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guilt and shame in the occidental world

For western churches, any behaviour falling outside the framework of traditional Judeo-Christian values has always been viewed as suspect and any aberration, whether it formed part of the natural selection of human behavior or not, would be subject to be labeled as sin. Homosexuality certainly fit this criteria as well as any gender behavior that strayed from a model built exclusively to support the family structure.

The reality is that human beings form part of an imperfect fabric that is touched by variations which has never formed part of the accepted teachings of these institutions. Instead, what most interested Western European religious leaders was adherence to fundamental teachings as they embedded themselves in the political structures of their nations to serve as moral advisors to their respective monarchs. Hence critical errors, such as excommunicating Galileo for postulating a scientific fact, were made in favor of upholding dogmatic truth.

In essence, organized religion became a method to subjugate the population and where certainly not every dictate was aligned with science or the natural law and most arguably with the will of a higher power.

The colonization of the Americas brought with it people of European stock from Quaker, Anglican, Lutheran or Catholic faiths; all austere and unyielding in their respective doctrines. Ironically, the United States founding fathers themselves were aiming for a secular state as per Voltaire's Age of Enlightenment (which advocated the separation of church and state) and the principles of the French Revolution which sought to escape monarchial tyranny; a fact conveniently forgotten by today's God-fearing and flag-waving conservatives.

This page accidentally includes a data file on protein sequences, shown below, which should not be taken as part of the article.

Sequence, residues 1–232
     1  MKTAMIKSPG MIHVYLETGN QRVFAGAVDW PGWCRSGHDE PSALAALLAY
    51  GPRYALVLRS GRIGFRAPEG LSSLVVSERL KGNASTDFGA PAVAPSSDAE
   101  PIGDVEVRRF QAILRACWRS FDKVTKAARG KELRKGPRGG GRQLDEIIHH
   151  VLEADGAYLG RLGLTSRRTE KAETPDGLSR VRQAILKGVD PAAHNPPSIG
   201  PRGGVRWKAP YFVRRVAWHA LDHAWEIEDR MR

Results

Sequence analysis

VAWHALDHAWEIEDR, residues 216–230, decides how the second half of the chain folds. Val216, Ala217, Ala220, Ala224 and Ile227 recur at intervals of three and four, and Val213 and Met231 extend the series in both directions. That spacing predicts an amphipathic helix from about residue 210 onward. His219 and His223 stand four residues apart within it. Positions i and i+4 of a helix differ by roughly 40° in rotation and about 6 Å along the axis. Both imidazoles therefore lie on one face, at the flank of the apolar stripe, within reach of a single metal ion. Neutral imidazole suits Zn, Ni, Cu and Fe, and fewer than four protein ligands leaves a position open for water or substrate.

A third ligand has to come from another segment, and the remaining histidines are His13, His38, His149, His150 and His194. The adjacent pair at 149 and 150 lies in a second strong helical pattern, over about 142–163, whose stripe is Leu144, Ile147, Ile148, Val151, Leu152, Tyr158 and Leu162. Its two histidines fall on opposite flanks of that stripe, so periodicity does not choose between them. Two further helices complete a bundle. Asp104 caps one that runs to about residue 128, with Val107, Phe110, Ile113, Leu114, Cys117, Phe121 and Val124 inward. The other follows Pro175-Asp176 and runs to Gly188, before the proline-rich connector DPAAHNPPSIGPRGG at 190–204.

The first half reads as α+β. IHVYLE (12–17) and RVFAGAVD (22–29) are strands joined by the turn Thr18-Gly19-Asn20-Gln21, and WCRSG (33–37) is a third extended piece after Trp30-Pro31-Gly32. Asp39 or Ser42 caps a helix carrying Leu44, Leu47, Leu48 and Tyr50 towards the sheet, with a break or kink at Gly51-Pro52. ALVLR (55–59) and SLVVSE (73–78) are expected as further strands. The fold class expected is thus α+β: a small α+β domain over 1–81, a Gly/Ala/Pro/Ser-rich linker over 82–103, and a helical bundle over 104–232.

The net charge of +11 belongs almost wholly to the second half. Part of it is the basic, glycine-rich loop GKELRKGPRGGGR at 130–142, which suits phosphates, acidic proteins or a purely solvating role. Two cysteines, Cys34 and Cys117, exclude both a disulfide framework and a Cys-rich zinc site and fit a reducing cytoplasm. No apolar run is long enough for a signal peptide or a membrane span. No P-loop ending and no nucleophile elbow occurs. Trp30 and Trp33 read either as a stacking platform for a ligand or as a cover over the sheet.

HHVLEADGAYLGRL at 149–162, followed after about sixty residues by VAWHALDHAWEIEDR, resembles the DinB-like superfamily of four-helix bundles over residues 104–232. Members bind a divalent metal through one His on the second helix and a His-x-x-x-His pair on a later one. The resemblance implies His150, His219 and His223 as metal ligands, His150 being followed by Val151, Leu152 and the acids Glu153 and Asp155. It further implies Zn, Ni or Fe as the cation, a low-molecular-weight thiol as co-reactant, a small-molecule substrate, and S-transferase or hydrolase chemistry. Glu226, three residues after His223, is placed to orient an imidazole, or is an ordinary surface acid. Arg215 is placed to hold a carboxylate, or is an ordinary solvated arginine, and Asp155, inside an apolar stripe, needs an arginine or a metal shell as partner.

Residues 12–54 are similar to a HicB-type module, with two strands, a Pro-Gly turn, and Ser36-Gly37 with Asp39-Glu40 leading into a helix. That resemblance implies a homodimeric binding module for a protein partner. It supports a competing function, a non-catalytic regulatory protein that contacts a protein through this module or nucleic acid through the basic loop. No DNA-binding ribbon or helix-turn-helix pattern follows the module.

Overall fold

These European settlers would have arrived in the Americas with a regimental education in what was expected of them. New England began with superstition mixed with religious doctrine which helped to stir up the panics and unfortunate results of the Salem witch hunts. So you can imagine how anyone with a penchant for same sex love or who thought themselves best suited to be another gender would be received. Being a candidate of what we now call the LGBT community was something best kept to yourself.

All the while, native American as well as other world native cultures respected two-spirited people with some even considering them endowed with special graces.

This mindset of institutionalized culpability lasted well into the late 20th century and many of us who are older grew up with no information with what little being available only reinforcing our suspicions that we were abominations. Guilt and shame filled a void that should have been occupied with knowledge.

I heard recently of a case illustrating the power of misplaced guilt and shame on an Irish radio podcast. In the deeply Catholic rural Ireland of the early 1960's, a young boy was brought to a hospital for an operation. He was intellectually challenged and after a successful surgery no one came to claim him. Finally the mother was brought in and she pleaded with the hospital to allow her to go home without her son who had been kept for most of his life in a darkened room and was completely rejected by his father due to the stigma of shame. For this poor couple the birth of this boy was a sign that they were not in God's favor.

Little Jimmy died two years after his operation despite the support of the hospital outreach who tried to assist this poor mother look after her son who, much to the dismay of his parents, would at times shriek at the top of his lungs.

Such was the power of guilt and shame in our culture.


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